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As a child, she too is inquisitive to her racial background and issues. By having Cassie have this information explained to her, we too have it explained to us. This is seen many times, an example of this is of Mr Morrison’s history. “Well, Cassie, during slavery there was some farms that mated folks like animals to produce more slaves… ” His explanations continue to explain to you in child-like terms one particular aspect of the past of racism. This novel is mainly aimed at children, and so things like the racist attacks often are slightly shielded, minimising detail, sensitively adapting to the age group.
Later age range novels may include the details of rape that was often an issue, but the author of this book may have decided this was not relevant. Black Women, children and men in the book can also be seen to experience different forms of racism. We see when Charlie Simms physically attacks Cassie the outrage caused by Uncle Hammer’s reaction. “He knocked you off the sidewalk Cassie? A grown man knocked you off the sidewalk? ” The idea of the size of a grown man against a young girl seems unfair, and so Uncle Hammer can not ignore it and forget it gracefully.
Children are to be left out of the violence, as well as the women, revealing an idea perhaps of only men being able to fend for themselves. However, women may experience abuse if rape was an issue in the story. It is the Berry brothers who are burnt, but an exception to this is the attack on T. J and the Avery family, when both mother and farther are attacked. Another example of a male attack is the attack on Mr. Morrison and Papa when returning from Vicksburg with provisions to support the Boycott at the Wallace’s store. “That’s when they shot him and he fell back with his left led under the wagon.
” This attack is vicious, and to the whites there seems no wrong in this. Mr Morrison when he first arrives, brings a story from where he had worked, of a fight he had been in and consequently got fired. “Did the other men get fired? ” “No ma’am, they was white. ” This again reinforced the lower placing of blacks to whites. At work, the grimier jobs, with lower status would be given to the blacks. This would still be mines and farms, but in this book, Mr. Logan works on a railway too, for extra money. It is not very often that a black man would achieve a respectable job.
Due to this, when receiving books for Christmas, they were an extra novalty due to being written by a black auther. T. J too enjoyed learning about Ejypt, pointing out how they had Black Kings. The idea would have been unthought of. The school in the novel, common to the schools at the time was separate for the different races. The blacks received lower education. There were are only short terms to coincide with the children working on the land, as well as to keep teachers pay low. With few teachers anyway, the classrooms were crammed with two classes to a teacher, all in an attempt of saving money.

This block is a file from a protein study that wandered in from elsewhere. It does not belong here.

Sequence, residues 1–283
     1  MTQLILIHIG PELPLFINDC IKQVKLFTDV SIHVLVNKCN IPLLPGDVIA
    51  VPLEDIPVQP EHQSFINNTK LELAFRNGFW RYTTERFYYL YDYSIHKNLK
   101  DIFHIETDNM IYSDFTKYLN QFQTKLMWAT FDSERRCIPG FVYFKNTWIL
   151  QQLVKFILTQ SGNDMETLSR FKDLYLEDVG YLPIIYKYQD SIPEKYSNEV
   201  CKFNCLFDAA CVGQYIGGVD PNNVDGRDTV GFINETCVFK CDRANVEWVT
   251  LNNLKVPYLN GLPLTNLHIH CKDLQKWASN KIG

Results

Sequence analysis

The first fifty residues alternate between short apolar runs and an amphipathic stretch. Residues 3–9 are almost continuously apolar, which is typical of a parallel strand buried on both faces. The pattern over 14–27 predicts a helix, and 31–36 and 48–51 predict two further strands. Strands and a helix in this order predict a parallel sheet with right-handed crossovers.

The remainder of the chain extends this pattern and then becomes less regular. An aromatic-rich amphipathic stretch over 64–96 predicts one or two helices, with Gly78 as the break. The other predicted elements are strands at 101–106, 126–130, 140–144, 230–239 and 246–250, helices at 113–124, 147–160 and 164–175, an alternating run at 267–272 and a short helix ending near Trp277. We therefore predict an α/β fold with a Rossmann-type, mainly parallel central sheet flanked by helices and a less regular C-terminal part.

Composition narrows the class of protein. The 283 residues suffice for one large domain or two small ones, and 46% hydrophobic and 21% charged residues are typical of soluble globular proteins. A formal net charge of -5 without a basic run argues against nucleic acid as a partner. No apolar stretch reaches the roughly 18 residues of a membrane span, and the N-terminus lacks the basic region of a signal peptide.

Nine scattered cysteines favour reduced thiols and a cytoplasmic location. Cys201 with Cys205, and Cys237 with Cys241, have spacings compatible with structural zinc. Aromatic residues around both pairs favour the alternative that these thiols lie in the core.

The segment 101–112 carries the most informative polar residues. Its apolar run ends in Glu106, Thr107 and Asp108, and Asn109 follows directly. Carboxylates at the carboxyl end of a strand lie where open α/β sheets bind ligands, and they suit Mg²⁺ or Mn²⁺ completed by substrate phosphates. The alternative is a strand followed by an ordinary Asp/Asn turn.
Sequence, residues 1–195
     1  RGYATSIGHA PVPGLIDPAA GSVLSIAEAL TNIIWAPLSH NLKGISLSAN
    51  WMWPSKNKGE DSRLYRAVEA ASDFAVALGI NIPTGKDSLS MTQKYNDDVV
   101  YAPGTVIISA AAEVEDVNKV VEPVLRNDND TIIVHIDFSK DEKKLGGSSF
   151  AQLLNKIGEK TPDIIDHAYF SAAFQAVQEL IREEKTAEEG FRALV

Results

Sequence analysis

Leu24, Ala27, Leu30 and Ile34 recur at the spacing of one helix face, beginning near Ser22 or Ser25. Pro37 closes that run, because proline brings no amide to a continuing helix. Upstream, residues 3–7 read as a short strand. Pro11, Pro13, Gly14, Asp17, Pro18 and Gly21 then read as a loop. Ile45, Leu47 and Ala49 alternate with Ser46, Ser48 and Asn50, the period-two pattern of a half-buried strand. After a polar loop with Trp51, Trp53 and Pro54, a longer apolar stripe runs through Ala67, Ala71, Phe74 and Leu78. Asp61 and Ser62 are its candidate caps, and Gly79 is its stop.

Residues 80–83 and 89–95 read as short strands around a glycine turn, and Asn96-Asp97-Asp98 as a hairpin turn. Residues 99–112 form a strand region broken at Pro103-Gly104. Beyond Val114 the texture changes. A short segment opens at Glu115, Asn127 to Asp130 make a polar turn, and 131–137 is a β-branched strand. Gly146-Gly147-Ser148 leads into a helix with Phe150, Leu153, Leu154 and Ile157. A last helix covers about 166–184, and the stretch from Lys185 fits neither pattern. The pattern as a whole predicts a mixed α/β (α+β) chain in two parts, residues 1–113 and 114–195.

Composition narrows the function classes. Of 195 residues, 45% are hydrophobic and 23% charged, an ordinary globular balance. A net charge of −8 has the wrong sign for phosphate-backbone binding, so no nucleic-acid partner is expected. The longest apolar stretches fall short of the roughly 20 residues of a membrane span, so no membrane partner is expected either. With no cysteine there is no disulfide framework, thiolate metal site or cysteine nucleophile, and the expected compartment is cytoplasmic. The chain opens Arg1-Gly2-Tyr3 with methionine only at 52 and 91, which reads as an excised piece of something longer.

Books were hand downs when they were no longer good enough for the whites. Ms Logan being a teacher at the school tried to alter this; she taught history the way she had been taught it, and not how the whites had ordered. Due to T. J telling officials of this, she was fired from the school. Though children were coming from far away, no buses could be afforded. The white schools however could afford buses. The children and driver would taunt the children on their way to school. “… but not before the bus had sped past, enveloping him in a scarlet haze while laughing white faces pressed against the bus window.
In a way, it could be thought that by separating the younger generation constantly, they have no chance to learn to tolerate each other. The major message in this story is that Blacks are being miss treated and are good, while the whites are in the wrong, they are bad. On occasions we get different messages. There are times where whites become good. At Christmas Jeremy Simms, out of his goodness, brings the Logan’s presents. The presents were dismissed. “I sure wouldn’t want no whistle some ole white boy been blowin’ on. ” This shows the less caring side and racist side of the blacks. Papa later reinforces this.
“We Logans don’t have much to do with white folks. You know why? ‘Cause white folks mean trouble. You see blacks hanging ’round with whites, they’re headed for trouble. ” This last sentence is ironic, as it relates to a part in the story later where T. J gets into deep trouble due to his being with white ‘friends’. Later, they are revealed to be just using him, but T. J is oblivious to this. Though Papa says this about white people meaning trouble, they do come across Mr Jaminson, who seems nothing but helpful. Papa trusts him, and yet he will not let his son trust Jeremy, thinking that he may grow up to change.
At the end of this novel, the author adds a conclusion to her message of racism given out through the book. “I recognised Mr. Lanier by his floppy blue hat working side by side with Mr. Simms, each oblivious of the other” This is a white and black man working together at a time of crises. The common enemy of fire unites them. She is showing that is possible. She also uses soot as symbolism, on the white men’s faces. They all appear black and with no difference between them. “… taking off his handkerchief to wipe the sweat and soot from his face. ”
Racism could finally leave, and yet it so easily returns. When I read this book, the knowledge I gained of racism, I learnt without realising. I feel that Mildred D. Taylor, the author of Roll of Thunder Hear My Cry, managed to conquer this technique, and completed all criteria for a successful novel, for this age group. I found it informative and interesting in one. Show preview only The above preview is unformatted text This student written piece of work is one of many that can be found in our GCSE Mildred Taylor section.